(David Salle) once told me that he never makes any preparatory drawings for or revises anything in his paintings. Every stroke of the brush is irrevocable; nothing can be changed or retracted. A few false moves and the painting is ruined, unsalvageable…He also once told me of how he often gets lost as he paints: “I have to get lost so I can invent some way out.” — Janet Malcolm, Forty-one False Starts, The New Yorker
You – and I am not using the tedious contemporary convention of writing in Second Person –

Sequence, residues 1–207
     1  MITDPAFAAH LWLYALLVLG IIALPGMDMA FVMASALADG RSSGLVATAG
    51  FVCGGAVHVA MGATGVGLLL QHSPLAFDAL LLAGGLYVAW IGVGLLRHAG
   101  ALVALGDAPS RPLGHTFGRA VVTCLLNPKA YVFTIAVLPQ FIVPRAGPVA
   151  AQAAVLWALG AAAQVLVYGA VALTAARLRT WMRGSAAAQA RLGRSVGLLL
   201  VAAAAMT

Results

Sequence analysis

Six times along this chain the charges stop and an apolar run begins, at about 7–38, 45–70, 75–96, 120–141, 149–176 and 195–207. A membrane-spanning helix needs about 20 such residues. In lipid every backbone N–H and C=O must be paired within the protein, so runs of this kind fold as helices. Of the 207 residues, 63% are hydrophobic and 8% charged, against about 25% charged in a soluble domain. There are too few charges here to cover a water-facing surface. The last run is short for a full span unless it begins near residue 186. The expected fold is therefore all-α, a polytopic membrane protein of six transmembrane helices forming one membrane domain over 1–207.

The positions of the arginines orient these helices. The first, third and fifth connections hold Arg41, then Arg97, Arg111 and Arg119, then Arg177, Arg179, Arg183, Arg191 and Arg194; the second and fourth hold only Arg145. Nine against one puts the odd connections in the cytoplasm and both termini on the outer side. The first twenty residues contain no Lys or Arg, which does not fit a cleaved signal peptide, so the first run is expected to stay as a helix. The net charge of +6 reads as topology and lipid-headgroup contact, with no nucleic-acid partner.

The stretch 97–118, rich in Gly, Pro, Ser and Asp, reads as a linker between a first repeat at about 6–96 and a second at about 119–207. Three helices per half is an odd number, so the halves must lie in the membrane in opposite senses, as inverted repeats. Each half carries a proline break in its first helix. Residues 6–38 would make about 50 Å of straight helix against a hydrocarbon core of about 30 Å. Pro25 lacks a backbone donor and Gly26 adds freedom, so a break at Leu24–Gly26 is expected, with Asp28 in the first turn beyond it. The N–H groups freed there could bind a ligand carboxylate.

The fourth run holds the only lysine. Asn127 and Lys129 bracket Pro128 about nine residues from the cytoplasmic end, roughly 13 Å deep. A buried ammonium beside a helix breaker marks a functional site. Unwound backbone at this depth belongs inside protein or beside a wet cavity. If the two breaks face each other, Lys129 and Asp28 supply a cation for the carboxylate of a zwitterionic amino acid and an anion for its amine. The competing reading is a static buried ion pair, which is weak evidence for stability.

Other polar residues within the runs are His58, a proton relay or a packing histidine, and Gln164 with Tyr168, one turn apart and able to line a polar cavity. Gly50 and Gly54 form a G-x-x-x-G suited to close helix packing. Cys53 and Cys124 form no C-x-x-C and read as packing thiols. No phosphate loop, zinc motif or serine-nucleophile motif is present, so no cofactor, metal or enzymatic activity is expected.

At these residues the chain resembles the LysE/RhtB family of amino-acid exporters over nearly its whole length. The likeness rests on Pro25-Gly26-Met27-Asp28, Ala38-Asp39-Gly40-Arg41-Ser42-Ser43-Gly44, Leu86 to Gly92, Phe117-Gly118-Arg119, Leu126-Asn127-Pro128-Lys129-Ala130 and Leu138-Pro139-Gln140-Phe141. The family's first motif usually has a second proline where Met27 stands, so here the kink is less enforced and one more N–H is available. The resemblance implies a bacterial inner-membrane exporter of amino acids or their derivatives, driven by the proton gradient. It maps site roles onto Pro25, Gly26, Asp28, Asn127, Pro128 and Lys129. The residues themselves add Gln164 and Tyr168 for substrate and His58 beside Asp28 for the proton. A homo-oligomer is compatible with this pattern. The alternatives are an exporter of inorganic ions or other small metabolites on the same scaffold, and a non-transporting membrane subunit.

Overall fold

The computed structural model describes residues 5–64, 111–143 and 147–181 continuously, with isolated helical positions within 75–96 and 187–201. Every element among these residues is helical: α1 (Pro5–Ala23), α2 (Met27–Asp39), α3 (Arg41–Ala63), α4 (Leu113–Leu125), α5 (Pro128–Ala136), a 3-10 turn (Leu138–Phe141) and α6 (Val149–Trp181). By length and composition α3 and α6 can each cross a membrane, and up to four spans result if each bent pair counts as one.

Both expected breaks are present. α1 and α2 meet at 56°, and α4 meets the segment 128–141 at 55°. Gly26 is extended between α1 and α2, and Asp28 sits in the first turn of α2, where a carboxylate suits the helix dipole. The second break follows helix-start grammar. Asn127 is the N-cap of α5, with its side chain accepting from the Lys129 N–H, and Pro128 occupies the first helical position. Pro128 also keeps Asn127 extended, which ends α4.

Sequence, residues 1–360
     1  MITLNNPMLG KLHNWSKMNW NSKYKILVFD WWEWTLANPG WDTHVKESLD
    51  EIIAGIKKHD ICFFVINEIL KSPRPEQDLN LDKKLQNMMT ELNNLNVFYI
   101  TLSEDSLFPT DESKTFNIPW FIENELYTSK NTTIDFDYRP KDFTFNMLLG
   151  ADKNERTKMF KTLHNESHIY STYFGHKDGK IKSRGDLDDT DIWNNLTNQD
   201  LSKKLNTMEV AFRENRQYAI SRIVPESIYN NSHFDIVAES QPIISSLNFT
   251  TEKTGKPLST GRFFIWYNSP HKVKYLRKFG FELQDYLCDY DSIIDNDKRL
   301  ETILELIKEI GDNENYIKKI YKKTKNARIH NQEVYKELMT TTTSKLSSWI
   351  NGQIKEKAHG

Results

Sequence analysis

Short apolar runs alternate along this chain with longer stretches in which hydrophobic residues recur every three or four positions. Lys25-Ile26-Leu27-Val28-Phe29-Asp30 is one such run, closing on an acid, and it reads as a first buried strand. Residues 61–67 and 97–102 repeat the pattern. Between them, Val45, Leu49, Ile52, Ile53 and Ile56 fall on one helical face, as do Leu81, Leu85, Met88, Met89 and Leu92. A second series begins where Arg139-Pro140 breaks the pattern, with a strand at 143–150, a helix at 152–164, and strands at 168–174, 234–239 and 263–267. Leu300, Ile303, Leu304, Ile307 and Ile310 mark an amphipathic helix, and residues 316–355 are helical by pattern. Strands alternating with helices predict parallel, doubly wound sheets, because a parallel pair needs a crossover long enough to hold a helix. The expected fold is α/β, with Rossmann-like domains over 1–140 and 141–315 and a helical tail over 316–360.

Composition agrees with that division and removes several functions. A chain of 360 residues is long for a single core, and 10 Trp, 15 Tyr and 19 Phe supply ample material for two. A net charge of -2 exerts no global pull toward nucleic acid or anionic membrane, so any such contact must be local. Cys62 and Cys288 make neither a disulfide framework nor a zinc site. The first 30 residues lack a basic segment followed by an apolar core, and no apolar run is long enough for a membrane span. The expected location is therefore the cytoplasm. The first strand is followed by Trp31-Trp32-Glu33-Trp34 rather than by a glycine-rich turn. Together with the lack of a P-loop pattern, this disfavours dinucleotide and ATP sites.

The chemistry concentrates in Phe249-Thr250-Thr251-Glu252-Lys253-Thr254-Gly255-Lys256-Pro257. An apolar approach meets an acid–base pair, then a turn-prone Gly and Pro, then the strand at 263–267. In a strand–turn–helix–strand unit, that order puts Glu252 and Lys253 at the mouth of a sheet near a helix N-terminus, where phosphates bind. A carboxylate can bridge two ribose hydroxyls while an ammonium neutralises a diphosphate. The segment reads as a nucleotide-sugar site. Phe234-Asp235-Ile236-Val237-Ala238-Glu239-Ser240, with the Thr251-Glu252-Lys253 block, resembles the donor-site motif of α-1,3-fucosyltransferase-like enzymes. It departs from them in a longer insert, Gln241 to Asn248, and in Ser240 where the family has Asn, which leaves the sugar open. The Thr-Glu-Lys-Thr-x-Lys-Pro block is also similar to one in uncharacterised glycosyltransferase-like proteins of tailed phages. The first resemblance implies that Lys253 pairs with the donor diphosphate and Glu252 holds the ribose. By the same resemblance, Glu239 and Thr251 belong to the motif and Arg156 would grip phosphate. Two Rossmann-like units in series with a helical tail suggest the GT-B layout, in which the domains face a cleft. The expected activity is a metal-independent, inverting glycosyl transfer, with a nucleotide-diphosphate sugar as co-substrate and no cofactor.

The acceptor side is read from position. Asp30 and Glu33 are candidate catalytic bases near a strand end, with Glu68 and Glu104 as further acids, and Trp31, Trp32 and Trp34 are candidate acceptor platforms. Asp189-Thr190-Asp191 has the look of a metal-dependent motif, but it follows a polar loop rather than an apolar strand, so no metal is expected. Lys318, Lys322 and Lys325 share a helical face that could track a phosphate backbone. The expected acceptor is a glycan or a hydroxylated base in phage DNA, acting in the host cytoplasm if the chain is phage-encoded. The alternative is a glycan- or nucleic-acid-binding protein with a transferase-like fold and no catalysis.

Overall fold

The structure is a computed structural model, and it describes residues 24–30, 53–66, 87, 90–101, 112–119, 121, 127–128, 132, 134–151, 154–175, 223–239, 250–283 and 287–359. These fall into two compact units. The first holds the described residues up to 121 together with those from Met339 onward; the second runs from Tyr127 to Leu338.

you find yourself in a guest bedroom in an unfamiliar neighborhood in a familiar town. You have worked a ten-hour day and you are too tired to eat. You lie down and try to sleep. Your thoughts rattle. Each time you think you have found the sweet spot that releases into sleep, you jolt awake.
You give up, pull on clothes and walk out into a smoky twilight. You have no destination, only the knowledge that you have to pay attention if you want to return to the possibility of sleep. The old pines are black against the fading light. Colors have nearly faded away. Something shimmers at the edge of your vision…
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